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This article was published 21/11/2013 (979 days ago), so information in it may no longer be current.
St. James-Brooklands Coun. Scott Fielding has all but formally declared his candidacy for mayor in 2014 -- and is calling for a referendum on the $600-million city-provincial rapid-transit proposal.
The two-term councillor said this morning he is close to making a decision on whether to run for mayor next year as a fiscally conservative, small-government candidate who believes in term limits and referenda on major infrastructure projects.
"If you ask me right now, I think I'm going to be in," Fielding said in an interview, adding his formal campaign launch may not take place until May.
Fielding promised to spend the next few months outlining what he described as a plan to renew trust in the City of Winnipeg.
For starters, he said, voters must have a chance to grant their blessing on a proposed $600-million Fort Garry infrastructure project that includes the completion of the Southwest Transitway, the reconstruction of the Jubilee Avenue underpass on Pembina Highway and combined-sewer replacements in the Point Road/Lord Roberts area.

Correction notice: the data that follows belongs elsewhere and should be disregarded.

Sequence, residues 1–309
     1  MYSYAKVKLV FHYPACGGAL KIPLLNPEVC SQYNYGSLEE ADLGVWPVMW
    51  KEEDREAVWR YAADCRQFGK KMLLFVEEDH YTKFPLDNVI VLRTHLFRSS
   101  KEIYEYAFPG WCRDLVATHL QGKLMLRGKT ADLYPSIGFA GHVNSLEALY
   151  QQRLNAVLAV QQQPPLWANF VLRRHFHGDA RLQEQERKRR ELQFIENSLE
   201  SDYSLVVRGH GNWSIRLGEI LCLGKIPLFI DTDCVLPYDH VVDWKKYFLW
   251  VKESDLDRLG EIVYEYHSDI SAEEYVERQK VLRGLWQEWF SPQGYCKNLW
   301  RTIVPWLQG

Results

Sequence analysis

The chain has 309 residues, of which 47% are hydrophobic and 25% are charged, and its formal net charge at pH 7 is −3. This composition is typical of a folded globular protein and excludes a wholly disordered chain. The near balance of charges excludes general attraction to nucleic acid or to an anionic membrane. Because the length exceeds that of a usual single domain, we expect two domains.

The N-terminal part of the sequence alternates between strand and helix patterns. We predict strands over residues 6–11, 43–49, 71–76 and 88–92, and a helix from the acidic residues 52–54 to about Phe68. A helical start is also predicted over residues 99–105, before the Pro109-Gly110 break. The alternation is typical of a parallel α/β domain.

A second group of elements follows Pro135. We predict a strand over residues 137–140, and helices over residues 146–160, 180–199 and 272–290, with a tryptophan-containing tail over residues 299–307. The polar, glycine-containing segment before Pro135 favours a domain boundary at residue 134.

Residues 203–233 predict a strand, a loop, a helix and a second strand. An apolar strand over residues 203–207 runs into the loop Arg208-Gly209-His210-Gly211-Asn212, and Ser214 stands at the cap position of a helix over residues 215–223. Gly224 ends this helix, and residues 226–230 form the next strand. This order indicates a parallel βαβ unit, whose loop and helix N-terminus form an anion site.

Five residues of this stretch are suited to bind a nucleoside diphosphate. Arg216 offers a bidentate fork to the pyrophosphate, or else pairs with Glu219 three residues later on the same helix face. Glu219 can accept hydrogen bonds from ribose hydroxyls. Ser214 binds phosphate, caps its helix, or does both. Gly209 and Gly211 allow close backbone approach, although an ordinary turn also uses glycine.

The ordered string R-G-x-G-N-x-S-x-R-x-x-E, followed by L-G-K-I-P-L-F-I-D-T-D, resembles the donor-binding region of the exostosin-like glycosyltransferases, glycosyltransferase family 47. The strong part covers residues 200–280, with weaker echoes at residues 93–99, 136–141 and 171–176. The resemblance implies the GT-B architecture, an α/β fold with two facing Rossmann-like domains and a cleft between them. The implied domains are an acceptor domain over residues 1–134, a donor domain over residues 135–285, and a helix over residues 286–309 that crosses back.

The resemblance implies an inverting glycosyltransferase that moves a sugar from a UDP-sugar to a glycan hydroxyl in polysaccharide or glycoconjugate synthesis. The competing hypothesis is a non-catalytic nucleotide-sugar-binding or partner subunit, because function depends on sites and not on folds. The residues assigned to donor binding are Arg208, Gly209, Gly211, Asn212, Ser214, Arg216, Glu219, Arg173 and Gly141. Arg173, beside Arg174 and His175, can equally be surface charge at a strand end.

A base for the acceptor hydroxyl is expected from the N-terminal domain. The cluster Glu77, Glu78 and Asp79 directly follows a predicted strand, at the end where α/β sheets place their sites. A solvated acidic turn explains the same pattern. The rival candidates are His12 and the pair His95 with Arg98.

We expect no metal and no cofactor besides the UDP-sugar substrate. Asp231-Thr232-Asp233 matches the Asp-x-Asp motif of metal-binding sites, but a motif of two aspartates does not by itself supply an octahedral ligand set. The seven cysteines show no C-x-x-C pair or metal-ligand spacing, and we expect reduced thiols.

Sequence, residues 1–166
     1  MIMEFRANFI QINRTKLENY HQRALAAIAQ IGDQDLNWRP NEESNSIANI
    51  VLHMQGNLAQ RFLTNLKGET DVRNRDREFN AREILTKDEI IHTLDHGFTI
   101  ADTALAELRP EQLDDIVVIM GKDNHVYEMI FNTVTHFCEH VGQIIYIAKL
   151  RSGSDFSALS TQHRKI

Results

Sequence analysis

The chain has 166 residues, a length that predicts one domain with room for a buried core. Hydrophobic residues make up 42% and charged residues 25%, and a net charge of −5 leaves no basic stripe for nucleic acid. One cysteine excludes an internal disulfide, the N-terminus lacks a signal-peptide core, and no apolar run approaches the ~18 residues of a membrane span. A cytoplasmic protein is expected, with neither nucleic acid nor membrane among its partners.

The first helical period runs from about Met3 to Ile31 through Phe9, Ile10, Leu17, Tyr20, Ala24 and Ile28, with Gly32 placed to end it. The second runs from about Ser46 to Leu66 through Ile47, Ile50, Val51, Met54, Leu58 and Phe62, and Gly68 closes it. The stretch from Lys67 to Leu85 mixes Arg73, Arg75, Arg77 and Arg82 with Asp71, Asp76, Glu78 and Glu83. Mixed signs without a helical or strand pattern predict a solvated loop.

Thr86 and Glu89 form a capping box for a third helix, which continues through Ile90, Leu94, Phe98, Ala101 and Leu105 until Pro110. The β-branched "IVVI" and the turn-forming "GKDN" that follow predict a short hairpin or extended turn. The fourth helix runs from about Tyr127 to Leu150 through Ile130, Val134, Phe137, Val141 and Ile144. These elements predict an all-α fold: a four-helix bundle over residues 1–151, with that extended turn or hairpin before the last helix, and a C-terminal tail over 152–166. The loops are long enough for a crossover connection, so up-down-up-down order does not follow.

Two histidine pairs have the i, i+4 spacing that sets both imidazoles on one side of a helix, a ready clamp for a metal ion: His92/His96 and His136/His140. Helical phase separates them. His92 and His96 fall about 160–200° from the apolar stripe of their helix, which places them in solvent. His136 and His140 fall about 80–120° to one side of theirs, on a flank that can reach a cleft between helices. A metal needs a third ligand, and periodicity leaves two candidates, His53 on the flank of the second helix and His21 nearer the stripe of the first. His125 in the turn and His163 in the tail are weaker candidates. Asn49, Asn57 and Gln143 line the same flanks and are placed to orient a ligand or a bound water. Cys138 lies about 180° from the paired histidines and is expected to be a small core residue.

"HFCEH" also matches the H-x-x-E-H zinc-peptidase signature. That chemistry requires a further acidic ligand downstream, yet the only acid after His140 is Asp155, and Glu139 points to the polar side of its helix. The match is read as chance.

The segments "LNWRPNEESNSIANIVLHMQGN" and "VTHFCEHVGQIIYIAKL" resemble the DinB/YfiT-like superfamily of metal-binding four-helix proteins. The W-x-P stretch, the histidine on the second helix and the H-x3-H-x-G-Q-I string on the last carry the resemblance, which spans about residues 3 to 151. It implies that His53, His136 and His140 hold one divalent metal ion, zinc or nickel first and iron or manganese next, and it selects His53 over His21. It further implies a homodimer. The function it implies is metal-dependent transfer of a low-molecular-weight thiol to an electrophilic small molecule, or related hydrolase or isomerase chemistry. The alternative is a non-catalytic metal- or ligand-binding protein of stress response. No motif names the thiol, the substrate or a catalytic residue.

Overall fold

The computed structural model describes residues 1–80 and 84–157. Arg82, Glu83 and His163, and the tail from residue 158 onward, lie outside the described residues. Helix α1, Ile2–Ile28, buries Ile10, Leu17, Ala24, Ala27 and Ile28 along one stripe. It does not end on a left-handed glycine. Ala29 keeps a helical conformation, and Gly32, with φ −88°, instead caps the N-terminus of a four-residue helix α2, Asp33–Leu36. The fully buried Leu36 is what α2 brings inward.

Mayor Sam Katz and Premier Greg Selinger announced a funding agreement for the project on Tuesday. Fielding said he believes the money may be better spent on roads and wants Winnipeggers to weigh in, perhaps on a referendum ballot next October.
"Let’s be frank, both the mayor and the premier are some of the most unpopular politicians in the province right now. Giving the citizens a say in how they should spend $600 million is a good idea," Fielding said.
Councillors should make decision: Katz
Katz said at a press conference Fielding was exaggerating the cost of rapid transit, noting the $600-million figure includes the underpass and sewer replacement. The mayor, who has never supported the idea of referenda, also said council must make decisions.
"The referendum that you have is when council makes a decision. Everything is subject to council approval. You’re elected to make a decision—they’re not always easy decisions. Quite often they are very difficult," Katz said.
"Councillor Fielding has been against rapid transit from Day One. That’s his opinion, that’s his prerogative."
For now, the 2014 mayoral race only has one declared candidate: former St. Vital councillor Gord Steeves.
Fielding and fellow council fiscal conservative Paula Havixbeck (Charleswood-Tuxedo) are also mulling mayoral runs, along with Katz, lawyer Brian Bowman and former mayoral candidate Judy Wasylycia-Leis.